Every day millions of parcels are shipped around the world, each tracked with bar codes and databases. Yet what FedEx has long achieved with boxes, few states have mastered when it comes to tracking infectious diseases. "We've used the same system for 15 years," says Dr. Bob Rolfs, Utah's state epidemiologist. "It's so old that we still largely depend on paper charts, faxes and the telephone."
By federal mandate, that antiquated system soon has to be replacedan upgrade Utah, like many other strapped states, can ill afford. Rolfs' predicament is what Collaborative Software Initiative (CSI), a start-up based in Portland, Ore., was created to solve. The 12-person firm specializes in bringing larger organizations together to build software to address large-scale problems at a reasonable price. Tracking infectious diseases is its latest challenge. "It's all about economies of scale," says CSI founder Stuart Cohen. "We save bigger entities millions of dollars by pooling their resources and hiring us to do the dirty work."
At the heart of what CSI does is the idea that two (or 100) hands are better than one. It's a model very familiar to Cohen, the former ceo of Open Source Development Labs, the nonprofit consortium behind the Linux operating system and the Firefox Web browser. At CSI, launched with $1 million in venture capital, Cohen has again employed open source, allowing clients to adapt the firm's software to meet their needs. But he's monetized part of it. "We don't charge for the actual development," Cohen says. "Instead, companies pay us to service and manage the end product." Cohen expects annual subscription fees to be about 15% of development costs, which range from $250,000 to $3 million.
Since 9/11, the Centers for Disease Control and Prevention (cdc) has been building a national database to detect and monitor outbreaks of measles, tuberculosis and other diseases. But many products designed to help states do so are either too expensive or already outdated.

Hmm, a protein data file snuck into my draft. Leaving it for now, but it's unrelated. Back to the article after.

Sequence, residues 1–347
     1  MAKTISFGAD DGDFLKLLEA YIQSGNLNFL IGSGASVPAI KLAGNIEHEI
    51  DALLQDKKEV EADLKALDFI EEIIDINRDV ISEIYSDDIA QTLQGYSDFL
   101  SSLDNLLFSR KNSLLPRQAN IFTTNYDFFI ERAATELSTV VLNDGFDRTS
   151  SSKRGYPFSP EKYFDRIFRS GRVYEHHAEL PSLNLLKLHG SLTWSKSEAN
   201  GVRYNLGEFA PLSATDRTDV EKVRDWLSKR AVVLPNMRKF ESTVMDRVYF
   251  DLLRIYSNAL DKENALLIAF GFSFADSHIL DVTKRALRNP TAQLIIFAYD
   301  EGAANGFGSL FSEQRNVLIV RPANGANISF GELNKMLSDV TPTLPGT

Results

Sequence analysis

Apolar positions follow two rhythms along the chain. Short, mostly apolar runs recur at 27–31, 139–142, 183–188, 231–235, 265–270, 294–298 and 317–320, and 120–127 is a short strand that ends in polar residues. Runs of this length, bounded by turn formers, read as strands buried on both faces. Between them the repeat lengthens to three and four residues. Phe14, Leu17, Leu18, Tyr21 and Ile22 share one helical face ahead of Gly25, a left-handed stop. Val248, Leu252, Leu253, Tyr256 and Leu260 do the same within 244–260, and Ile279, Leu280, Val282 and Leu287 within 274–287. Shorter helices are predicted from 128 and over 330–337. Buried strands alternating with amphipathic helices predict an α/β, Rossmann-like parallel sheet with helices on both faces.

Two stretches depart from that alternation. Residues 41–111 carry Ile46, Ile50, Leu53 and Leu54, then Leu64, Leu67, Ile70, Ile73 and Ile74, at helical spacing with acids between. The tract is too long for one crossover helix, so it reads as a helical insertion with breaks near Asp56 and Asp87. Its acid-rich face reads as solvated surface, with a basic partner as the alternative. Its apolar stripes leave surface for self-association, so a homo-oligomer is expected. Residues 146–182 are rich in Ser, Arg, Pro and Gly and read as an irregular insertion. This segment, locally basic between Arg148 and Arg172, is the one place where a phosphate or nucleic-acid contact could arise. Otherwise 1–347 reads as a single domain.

So CSI and the state of Utahwith help from Novell, its local tech companyhave collaborated to assemble 15 core members, including doctors, nurses, epidemiologists and IT experts. Rolfs' staff reached out to local and county health officials to listen to their specific needs and then met regularly with CSI engineers, which let the developers revise the application frequently. "Open source allows us to provide high-quality software releases early and often," says Mike Herrick, the project leader at CSI.
Utah is now testing the resulting product, which should soon be available to all 50 states. Then each state will be able to adapt the product for free but will need to hire CSI to manage its maintenance through contracts that cost up to $450,000 a year. "We wanted to make sure that we build something useful, eventually to connect all states and the cdc," Cohen says.
To date, CSI's biggest customer is Wall Street, which needs data collection for regulatory compliance. Cohen's partner, Evan Bauer, formerly chief technology officer at Credit Suisse, has been using his clout with fellow ctos to persuade them to work with CSI rather than go it alone. It makes sense, since the same regs apply to all firms. "The dividends have been huge," Cohen says. "Public health is just the next frontier."
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